Narrow and arched palate **
Cleft palate/upper lip
Poor lingual motility
Multiple cavities due to poor dental hygiene *
Plaque and tartar *
Periodontal disease due to poor oral hygiene and
immunological deficiencies *
Talon cusps in permanent upper incisors **
Dental crowding, malposition **
Hypomineralization of primary molar teeth
Hypomineralization of incisors and molars
Persistent primary teeth
Retained supernumerary teeth
* Present in more than 40% of the patients. ** Present in more than 60% of the patients.
following oral manifestations: prominent lower lip, narrow
mouth opening, narrow and arched palate, history of
Figure 3: Macroglossia and lingual interposition in the
angular cheilitis, micrognathia and poor lingual motility.
On the other hand, the dental manifestations included the
presence of plaque and tartar, bleeding from gingival areas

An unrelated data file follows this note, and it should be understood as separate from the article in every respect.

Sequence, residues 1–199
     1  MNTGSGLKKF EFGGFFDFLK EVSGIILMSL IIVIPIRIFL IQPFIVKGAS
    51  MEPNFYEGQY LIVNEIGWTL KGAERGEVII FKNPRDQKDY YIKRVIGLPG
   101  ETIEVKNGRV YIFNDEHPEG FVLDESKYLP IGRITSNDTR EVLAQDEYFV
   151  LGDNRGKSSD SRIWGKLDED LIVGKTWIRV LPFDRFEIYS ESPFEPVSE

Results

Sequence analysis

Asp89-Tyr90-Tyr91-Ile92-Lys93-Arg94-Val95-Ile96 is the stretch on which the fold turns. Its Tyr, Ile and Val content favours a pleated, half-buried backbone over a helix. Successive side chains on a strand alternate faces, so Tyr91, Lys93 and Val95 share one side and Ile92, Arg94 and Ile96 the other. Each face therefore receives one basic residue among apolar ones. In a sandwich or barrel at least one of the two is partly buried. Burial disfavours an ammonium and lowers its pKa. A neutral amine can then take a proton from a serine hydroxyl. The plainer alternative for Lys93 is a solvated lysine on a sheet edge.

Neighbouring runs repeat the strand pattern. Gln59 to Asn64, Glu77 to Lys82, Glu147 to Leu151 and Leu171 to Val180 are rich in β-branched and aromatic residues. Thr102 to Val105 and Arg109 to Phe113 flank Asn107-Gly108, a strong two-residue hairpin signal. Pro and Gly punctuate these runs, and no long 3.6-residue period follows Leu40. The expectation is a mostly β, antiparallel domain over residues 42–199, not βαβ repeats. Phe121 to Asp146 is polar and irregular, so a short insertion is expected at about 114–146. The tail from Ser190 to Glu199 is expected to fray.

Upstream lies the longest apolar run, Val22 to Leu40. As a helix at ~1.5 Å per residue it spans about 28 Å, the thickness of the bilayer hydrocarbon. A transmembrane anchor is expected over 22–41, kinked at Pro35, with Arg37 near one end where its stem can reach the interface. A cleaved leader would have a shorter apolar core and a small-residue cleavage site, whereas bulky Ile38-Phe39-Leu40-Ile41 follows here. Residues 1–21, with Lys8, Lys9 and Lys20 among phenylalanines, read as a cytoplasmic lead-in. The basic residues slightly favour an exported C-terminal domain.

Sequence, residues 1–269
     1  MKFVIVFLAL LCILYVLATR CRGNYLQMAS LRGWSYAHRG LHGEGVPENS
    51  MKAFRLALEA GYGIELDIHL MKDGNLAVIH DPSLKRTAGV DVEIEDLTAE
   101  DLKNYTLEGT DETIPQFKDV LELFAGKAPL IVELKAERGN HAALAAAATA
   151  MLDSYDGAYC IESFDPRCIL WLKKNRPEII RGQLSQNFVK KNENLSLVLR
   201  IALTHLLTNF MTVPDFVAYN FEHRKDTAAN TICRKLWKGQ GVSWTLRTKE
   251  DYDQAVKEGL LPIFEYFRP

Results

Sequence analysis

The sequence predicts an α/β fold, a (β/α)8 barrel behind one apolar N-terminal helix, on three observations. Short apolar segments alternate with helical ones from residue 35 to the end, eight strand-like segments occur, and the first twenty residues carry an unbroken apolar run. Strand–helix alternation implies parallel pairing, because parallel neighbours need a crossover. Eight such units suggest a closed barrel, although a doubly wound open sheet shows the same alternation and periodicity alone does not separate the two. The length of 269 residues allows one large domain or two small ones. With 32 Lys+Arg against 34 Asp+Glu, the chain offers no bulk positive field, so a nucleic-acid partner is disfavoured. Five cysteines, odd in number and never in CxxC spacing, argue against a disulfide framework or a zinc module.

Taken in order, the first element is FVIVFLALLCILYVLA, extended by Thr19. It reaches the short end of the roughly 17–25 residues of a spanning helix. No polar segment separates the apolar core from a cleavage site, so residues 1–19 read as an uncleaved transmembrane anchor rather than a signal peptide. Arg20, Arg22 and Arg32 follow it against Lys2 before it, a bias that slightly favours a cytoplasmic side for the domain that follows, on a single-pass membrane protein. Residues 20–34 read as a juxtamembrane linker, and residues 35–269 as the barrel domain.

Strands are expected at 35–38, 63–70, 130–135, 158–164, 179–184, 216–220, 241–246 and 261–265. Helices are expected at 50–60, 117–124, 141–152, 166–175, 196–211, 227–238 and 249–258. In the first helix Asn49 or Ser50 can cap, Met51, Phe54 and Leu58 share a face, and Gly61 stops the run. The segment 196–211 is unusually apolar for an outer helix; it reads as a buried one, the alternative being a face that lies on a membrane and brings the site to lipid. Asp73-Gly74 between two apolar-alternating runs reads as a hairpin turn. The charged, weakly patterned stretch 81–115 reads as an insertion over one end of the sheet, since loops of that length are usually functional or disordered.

due to poor dental prophylaxis, and malocclusion in the
form of an anterior open bite. All of these OD findings are
observed in 40-60% of patients diagnosed with RTS.
Dental treatments for pathologies in children with RTS,
given the complexity and lack of cooperation due to their
age and mental disability often require a variety of sedation
techniques including in some cases, general anesthesia.
Previous reports show that, due to the anatomical
characteristics of the oral cavities of children with RTS and
their frequent gastroesophageal reflux, the process of
intubation can be difficult and present risks of aspiration in
the tracheobronchial tract .
All in all, pediatric patients with RTS frequently exhibit